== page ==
Calendar

Fall 2014 Calendar of Events

« Prev October 2014 Next »
Sunday Monday Tuesday Wednesday Thursday Friday Saturday
      1
* Fall Mushrooms Photo ExhibitFall Mushrooms Photo Exhibit

October-November: Fall Mushrooms Photography by Roger Heidt. Exhibit in the barn. Hours: Monday-Friday 9-4; Saturday 11-4.

2
3
4
5
6
7
8
9
* coffee and Chatcoffee and Chat

Time: 9:00 am

Coffee and Chat Thursday, October 9 9-10 AM On the second Thursday of each month, all are welcome to gather in ICNC’s sunroom to enjoy coffee and conversation about the latest happenings. Enjoy a social time, learn what’s currently happening in nature, meet Nature Center staff, and become better acquainted with our facilities, programs and trails. Free.

* Coffee and ChatCoffee and Chat

Time: 9:00 am

Coffee and Chat. Each month on the second Thursday gather in the sunroom at Indian Creek Nature Center to enjoy coffee and conversation about the latest happenings at Indian Creek Nature Center. Enjoy a social time, and learn what’s happening in nature at that time, meet Nature Center staff and become better acquainted with our facilities, programs and trails. Free

10
* BSA -"Birds" - Wolf Cub BSA -"Birds" - Wolf Cub

Time: 6:00 pm

The Nature Center is the place to be if you enjoy watching our feathered friends and learning more about them! Discover the mysteries of migration, build your very own bird feeder, and play bird games in this fun-filled workshop. (Fulfills Requirements: a, c, d & e.) Registration closes Oct. 1st. To complete the process you must also download and fill out one Registration Form and one Roster sheet per pack/group and submit these two forms to ICNC via email or fax.

11
* GSA - Wonders of WaterGSA - Wonders of Water

Time: 9:30 am

Saturday, October 11, 2014 9:30-11:30 AM - Girls Scouts - Brownie “Become” a droplet of water circling around in Earth’s water cycle. Explore a watershed and learn how it works! Create a rainbow and special art using watercolors. You will discover that water is our most valuable resource as you explore innovative ways to save and protect it. Visit a bioswale, discover and experiment with cement that soaks up rain and find out what a rain garden is! We will lead you on part of the Wonders of Water Journey. Cost: $11/Scout Attendance requirement: Minimum of 10 Scouts and maximum of 60. Registration and payment must be completed no later than Thursday the week prior to the scheduled workshop (at least 8 days before the workshop). Workshop registrations should be made through the Girl Scout office. To register by phone call 319-363-8335 or go to www.girlscoutstoday.org to register online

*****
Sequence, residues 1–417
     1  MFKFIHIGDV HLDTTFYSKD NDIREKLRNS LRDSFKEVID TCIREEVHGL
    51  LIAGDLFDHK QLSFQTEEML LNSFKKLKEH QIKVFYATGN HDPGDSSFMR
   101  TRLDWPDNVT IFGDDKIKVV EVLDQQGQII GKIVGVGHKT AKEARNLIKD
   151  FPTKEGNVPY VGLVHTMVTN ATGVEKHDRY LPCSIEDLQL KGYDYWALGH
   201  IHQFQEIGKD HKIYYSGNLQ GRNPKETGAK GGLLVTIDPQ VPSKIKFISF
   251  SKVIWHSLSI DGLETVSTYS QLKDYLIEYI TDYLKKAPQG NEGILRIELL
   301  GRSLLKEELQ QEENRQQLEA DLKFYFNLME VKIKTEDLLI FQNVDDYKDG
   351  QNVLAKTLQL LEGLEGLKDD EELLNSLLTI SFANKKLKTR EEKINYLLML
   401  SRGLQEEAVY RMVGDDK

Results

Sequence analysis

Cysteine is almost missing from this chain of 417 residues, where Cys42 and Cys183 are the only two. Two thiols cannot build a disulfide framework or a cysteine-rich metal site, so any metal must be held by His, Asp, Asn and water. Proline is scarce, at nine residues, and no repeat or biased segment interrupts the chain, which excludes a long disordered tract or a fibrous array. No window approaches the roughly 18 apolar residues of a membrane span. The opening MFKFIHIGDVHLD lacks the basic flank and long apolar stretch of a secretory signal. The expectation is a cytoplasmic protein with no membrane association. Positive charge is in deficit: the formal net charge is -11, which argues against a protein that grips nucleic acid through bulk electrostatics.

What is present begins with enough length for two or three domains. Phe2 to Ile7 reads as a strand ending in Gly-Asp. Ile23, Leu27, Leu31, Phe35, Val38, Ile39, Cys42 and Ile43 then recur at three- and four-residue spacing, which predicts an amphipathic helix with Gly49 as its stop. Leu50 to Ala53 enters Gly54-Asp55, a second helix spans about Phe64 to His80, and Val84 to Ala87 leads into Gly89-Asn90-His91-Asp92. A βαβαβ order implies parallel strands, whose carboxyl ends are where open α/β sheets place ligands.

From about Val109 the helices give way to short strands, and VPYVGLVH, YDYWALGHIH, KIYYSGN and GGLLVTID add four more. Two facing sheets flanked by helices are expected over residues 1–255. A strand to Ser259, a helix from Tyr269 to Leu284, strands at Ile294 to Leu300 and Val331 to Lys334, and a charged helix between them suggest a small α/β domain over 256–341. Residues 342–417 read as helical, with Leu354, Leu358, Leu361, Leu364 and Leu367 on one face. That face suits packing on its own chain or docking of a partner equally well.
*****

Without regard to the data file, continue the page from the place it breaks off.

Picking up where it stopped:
12
13
14
15
* Home School-Migrating BirdsHome School-Migrating Birds

Time: 1:00 pm

Home School Program - Birds, Migration and Preparing for Winter. The outdoor world is scrambling to prepare for the cold and snow. Bird activities are what we most often notice where you live in an urban or rural setting. Learn about how birds that stay in Iowa survive, how those that migrate know when & where, and how you can help those that stay. Learn about Citizen Scientist migration studies you can take part in. 1 ½ hours. Indoors and outdoors. Indoor program if raining. Fee: $5 per student age 5 and older

16
17
* BSA - Water & Soil Cons.BSA - Water & Soil Cons.

Time: 6:00 pm